During my field visit, I sat in on a VSLA meeting in Barniekrom and was fortunate enough to meet several community members and witness the savings process first hand. I could not fathom at that moment the significance of their contribution, but what I found was astonishing. One dollar one week, two dollars the next week, and BOOM. In total, these 77 VSLA groups have saved almost $50,000 to date, roughly an extra month and a half of income for each family. What do farmers do with the loans? Some need funds for farm restoration. Some need medicine. Others need money to pay for their children to attend school. Through the support of our project, VSLA members can now address these fundamental needs, investing in their businesses, children, and health to improve their own livelihoods.

Through this CARE-Cargill partnership, 85% of farmers have increased their cocoa production by an average of nearly 10%, contributing to an average increase of 67% in income! These farmers are now making more than 1.5 times more they did before. Abena now owns 31 acres of cocoa farm land, both jointly with her husband and personally. Today she stands proud as they are expanding their farm by an estimated 10 acres while building a new home to accommodate her six beautiful grandchildren. Farmers are seeing a return on investment and using their income to expand. Our work, however, is nowhere near done. Despite success stories like Abena, many cocoa-farmers still average only $102 a month. With continued ground support and guidance within our communities, we can multiply our impact to achieve sustainable, resilient, and prosperous farming communities.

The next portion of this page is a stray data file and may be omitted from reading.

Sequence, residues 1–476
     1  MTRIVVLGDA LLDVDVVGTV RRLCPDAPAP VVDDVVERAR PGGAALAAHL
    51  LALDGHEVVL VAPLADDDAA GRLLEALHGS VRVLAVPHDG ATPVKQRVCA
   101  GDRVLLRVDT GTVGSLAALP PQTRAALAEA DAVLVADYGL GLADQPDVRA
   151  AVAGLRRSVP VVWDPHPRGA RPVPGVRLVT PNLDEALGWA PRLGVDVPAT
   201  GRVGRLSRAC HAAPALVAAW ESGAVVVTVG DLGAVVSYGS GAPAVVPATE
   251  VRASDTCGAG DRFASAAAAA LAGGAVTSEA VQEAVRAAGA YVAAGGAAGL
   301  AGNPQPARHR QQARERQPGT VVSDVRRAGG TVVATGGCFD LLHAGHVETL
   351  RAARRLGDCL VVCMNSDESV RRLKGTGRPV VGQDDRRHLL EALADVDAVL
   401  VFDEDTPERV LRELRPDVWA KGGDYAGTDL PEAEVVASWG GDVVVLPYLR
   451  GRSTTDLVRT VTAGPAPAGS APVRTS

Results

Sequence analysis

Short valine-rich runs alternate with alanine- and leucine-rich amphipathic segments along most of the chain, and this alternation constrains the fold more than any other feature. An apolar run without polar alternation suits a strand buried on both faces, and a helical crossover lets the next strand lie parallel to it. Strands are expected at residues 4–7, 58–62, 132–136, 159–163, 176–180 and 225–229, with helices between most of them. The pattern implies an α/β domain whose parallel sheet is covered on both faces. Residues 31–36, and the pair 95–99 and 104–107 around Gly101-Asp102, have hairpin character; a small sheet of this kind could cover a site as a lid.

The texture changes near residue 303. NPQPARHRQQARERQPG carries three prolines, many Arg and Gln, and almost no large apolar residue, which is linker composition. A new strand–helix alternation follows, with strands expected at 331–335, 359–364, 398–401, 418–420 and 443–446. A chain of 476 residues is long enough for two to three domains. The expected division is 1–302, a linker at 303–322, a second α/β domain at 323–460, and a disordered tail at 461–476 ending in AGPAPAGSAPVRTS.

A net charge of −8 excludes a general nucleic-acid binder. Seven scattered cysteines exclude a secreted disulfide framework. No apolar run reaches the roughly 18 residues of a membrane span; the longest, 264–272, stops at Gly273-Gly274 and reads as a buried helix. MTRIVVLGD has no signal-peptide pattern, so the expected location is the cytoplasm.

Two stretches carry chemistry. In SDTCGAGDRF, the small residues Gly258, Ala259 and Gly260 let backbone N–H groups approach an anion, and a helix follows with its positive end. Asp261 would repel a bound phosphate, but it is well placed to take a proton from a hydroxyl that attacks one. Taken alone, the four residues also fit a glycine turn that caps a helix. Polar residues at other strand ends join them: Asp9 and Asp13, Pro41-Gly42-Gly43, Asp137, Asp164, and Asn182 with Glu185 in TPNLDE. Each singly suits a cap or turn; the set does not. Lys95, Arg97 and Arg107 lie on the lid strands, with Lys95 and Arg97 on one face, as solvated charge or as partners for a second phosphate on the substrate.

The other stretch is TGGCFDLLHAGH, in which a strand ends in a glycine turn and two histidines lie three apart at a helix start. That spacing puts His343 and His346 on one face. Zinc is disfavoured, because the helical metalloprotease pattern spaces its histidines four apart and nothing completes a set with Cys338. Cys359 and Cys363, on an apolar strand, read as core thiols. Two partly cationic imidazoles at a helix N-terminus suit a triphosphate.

Now when I hear the word “cocoa” I no longer think only of sweet treats. It’s much more complicated than that. I think of the intensive pod-cracking and seedling fermentation process. I think of children who spend their weekends fetching water to help their families on the farm. I think of the years of physical and time-intensive labor required to harvest tiny little seeds that eventually become chocolate, and, how little farmers actually make to supply our ever increasing demand.   

About the Author: Maria Hinson is the Senior Program Officer for the Cargill Partnership for the Food and Nutrition Security Unit at CARE USA. She has 2 years of experience in global health and international development, working with communities to improve ongoing program interventions. She has a Master’s in Global Health from the University of Notre Dame.

About the Program: CARE and Cargill's new three-year partnership is helping farmers and their families in developing countries increase their productivity and incomes, improve food security in their communities and better educate their children. In Ghana, the Prosperous Cocoa-Farming Communities (PROCOCO) project promotes more prosperous, sustainable and resilient cocoa-farming communities through a community development approach that engages civil society to increase cocoa production, reduce child labor, ensure food and nutrition security, and promote education in some of the country’s most impoverished regions.